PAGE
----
And not your standard exciting space-related deaths like getting your stomach blasted open by some hideous alien or getting chucked out an air lock by a crabby computer! No, Star Quest is keeping it real! (And by real, I mean seriously mundane.)
One guy hangs himself and another guy has a heart attack during a particularly intense virtual reality session! There’s even some drug overdosing going on! Is this a spaceship or one of those motels with weekly rates?
The movie though isn’t all about how past problems like drugs, suicide, and underemployed actors continue to haunt us in the future. It still maintains a nice dollop of the expected “horror movie in space” motifs we demand in our thoughtless-provoking sci-fi.
The captain of the ship for instance is one of those guys who doesn’t make it through suspended animation! You know that guy! Everyone wakes up, but there’s always some grody looking corpse in a busted sleep chamber. It happened to hapless astronauts at least as far back as 1968’s Planet of the Apes, so you know that’s futuristic gold!
You know what else every good, great, and entirely anonymous space movie (Star Quest for example) needs? A pyscho android! I don’t know that I’ve ever been on a spaceflight yet where the android didn’t get his hard drive in a wad for some reason and started trying to manhandle all the wetware on the ship!
What’s even worse is that usually these androids are the undercover variety which means that they look like you or I (if you are I looked like an actor desperate for a paying gig) so we never see these things coming until the rest of the astronauts are smacking the android with hammers to no effect. What really helps in maintaining their cover is that we are never sure if their robotic like speech and movements are because they are really an android or just because they can’t act!
Despite all this dying and android angst happening, Star Quest still manages to bend the law of physics by clocking in at less than 80 minutes, yet seeming to be infinitely longer!
This is chiefly due to a clever use of characters bickering amongst themselves for no reason, the same devastating information being doled out a couple of different times to different characters (I believe there were at least four different scenes where some character first learned that Earth had been destroyed), and the mostly pointless use of the virtual reality bit. (It did provide Roger Corman’s company an excuse to reuse the Battle Beyond the Stars space dogfight footage that we previously thought was pointless when it appeared in Dead Space.)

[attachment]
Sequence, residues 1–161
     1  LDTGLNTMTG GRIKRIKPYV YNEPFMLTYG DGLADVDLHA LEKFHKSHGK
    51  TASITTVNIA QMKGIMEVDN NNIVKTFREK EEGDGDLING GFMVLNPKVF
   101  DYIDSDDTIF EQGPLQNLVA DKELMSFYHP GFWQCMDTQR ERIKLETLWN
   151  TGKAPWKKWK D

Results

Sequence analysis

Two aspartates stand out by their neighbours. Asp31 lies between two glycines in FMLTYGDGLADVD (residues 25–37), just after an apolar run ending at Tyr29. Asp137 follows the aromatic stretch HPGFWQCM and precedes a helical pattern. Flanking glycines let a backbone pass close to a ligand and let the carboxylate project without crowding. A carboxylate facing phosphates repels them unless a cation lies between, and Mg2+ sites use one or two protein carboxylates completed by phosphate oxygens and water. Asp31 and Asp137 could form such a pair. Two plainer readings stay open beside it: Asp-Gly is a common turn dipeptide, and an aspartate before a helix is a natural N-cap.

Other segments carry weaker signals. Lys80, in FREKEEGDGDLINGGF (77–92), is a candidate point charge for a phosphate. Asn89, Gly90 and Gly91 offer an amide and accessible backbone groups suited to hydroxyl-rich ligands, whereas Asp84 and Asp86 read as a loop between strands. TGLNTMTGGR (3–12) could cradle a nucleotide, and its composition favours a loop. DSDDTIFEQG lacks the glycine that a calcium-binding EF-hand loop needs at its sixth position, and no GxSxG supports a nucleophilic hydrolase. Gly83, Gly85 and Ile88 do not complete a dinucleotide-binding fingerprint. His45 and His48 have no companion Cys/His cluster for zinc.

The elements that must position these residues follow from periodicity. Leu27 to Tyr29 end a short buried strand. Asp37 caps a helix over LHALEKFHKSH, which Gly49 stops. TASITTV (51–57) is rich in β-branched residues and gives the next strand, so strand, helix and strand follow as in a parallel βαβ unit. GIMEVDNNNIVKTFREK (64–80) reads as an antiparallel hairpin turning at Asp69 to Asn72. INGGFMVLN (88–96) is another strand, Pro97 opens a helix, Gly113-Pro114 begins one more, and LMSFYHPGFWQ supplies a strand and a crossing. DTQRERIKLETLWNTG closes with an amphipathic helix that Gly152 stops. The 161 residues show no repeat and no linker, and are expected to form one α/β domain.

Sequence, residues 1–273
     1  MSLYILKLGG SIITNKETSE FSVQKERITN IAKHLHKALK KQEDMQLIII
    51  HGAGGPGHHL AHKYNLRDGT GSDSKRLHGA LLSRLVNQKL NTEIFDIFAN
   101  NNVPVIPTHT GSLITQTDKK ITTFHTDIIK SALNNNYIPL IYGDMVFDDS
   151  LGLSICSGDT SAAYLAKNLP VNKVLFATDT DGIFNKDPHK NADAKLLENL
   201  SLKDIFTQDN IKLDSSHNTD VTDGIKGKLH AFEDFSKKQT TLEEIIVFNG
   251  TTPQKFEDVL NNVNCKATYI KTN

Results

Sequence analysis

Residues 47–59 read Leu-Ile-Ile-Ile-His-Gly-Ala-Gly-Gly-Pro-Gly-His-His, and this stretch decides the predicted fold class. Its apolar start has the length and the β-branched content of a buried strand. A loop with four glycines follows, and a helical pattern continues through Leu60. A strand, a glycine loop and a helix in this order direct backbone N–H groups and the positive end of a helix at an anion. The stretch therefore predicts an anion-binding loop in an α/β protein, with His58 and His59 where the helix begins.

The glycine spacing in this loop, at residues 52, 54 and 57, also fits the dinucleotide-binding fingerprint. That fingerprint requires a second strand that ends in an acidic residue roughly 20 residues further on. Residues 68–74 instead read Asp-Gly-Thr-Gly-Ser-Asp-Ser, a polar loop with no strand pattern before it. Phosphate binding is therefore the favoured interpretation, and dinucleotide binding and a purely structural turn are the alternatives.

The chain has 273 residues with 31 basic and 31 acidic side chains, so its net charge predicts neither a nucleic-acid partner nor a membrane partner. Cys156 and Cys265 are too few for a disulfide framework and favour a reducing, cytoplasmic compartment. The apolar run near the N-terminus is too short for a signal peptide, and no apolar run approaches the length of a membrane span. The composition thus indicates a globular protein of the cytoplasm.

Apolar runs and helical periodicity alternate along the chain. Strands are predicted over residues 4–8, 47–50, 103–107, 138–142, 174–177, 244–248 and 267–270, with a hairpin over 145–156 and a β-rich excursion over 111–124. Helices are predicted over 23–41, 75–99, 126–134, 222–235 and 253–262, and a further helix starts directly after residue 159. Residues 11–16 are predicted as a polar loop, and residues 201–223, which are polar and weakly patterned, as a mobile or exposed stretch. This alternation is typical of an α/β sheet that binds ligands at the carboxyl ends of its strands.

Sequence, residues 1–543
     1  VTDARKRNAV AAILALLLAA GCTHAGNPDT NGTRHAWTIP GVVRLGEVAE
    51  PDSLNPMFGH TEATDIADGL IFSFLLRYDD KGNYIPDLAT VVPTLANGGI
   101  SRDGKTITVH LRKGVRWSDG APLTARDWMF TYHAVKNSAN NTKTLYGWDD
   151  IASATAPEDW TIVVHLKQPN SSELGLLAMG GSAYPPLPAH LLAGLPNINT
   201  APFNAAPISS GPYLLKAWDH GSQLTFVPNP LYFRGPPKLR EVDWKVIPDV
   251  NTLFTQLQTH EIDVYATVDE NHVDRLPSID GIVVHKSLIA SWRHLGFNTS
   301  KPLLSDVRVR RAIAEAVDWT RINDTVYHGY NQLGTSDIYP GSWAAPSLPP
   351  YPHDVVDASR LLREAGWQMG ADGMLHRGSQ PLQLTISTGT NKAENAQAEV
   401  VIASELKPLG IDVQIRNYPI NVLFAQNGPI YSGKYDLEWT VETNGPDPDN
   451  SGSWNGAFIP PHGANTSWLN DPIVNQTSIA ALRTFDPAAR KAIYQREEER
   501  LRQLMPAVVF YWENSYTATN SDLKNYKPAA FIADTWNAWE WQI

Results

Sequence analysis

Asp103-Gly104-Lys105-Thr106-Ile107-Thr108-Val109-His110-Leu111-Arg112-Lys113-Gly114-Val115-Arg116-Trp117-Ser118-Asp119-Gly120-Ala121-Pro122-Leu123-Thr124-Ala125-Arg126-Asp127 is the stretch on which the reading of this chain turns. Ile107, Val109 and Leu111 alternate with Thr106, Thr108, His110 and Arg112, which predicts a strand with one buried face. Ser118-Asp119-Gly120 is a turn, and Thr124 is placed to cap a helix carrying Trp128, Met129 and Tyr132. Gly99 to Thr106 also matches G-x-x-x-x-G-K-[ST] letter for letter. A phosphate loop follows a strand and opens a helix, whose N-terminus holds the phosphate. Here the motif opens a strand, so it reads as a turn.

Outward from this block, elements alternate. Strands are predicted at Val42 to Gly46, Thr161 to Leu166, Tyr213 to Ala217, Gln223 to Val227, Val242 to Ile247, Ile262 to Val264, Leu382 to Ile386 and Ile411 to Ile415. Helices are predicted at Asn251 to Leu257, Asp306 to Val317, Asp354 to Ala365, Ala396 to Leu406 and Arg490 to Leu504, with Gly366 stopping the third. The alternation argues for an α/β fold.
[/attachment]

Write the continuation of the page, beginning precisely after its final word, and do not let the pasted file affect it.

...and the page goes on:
There isn’t a whole lot beyond the crew members sniping at each other going on for the first half of the movie. With the captain dead, a new, unpopular guy assumes command. Though his sour disposition is the most obvious reason for this dislike, I can’t help but believe that the fact that he’s sporting a toupee that looks like the pelt of some alien creature played some small part in everyone’s distaste for him.
The crew is an international one which means we are subjected to a variety of bad accents as well as some bogus tension between people from different countries. When the Russian complains that the British chick is too reserved and the British chick retorts that the Russian is suffering from her Russian paranoia, my American apathy was kicking in big time. There’s also a French guy who sounds like he’s a moronic hayseed from Lousianna when he speaks. No wonder that android went crazy on all of them!
Predictably, once the movie ramps up the action for the big finish, it goes from being merely an annoying curiosity (why is the Russian chick smoking cigarettes on the spaceship? Why is her virtual reality session taking place during a violent demonstration at Red Square? Why is everyone so worked up over “Federation” regulations when there’s only five or six humans left in the universe?) to an increasingly dunderheaded collection of familiar space movie elements.
How many times do we have to see the scene where the android’s severed head is hooked up to a bunch of wires so that it can be interrogated by surviving crew members while it taunts them for their own lame humanness?
And what is the deal with the self-destruct sequence on spaceships? I’ll admit that it’s been a while since I’ve been on a space shuttle, but I don’t recall that it comes equipped with an auto destruct button (though you could probably tastelessly note that it really doesn’t need one).
Cars, buses, trains, planes, and boats don’t have any gizmo that lets you blow it up as a computerized voice counts down the seconds towards detonation. So why would anyone building a spaceship put that in, except to increase the tension at the end of a movie? And why is it always so hard to shut off the self-destruct? Seems like that’s the kind of thing you want to give people some leeway on if they change their mind.
When the movie finally reveals its first shock ending, it doesn’t come as a shock ending so much as just a bit of a tacked on cheat. Without giving away too much, based on what had already happened in the movie, the big reveal wasn’t really justified or realistic.
Here’s my big reveal about their big reveal – do some psychological evaluations of your crew members and don’t hire a bunch of egocentric jerks to fly in close quarters for a long time in space. These astronauts had their own rooms, a VR machine, and could smoke on board! What more do you need to keep your sanity?
The final shocker isn’t unexpected, but does give you a chance to see perhaps the worst matte painting used in a movie ever. On the other hand, the movie gives you the best scene ever of an android’s severed arm being used to fly the spaceship. Of course, that arm turns traitor and tries to blow everyone up, but that’s just another day at the office in deep space, right?
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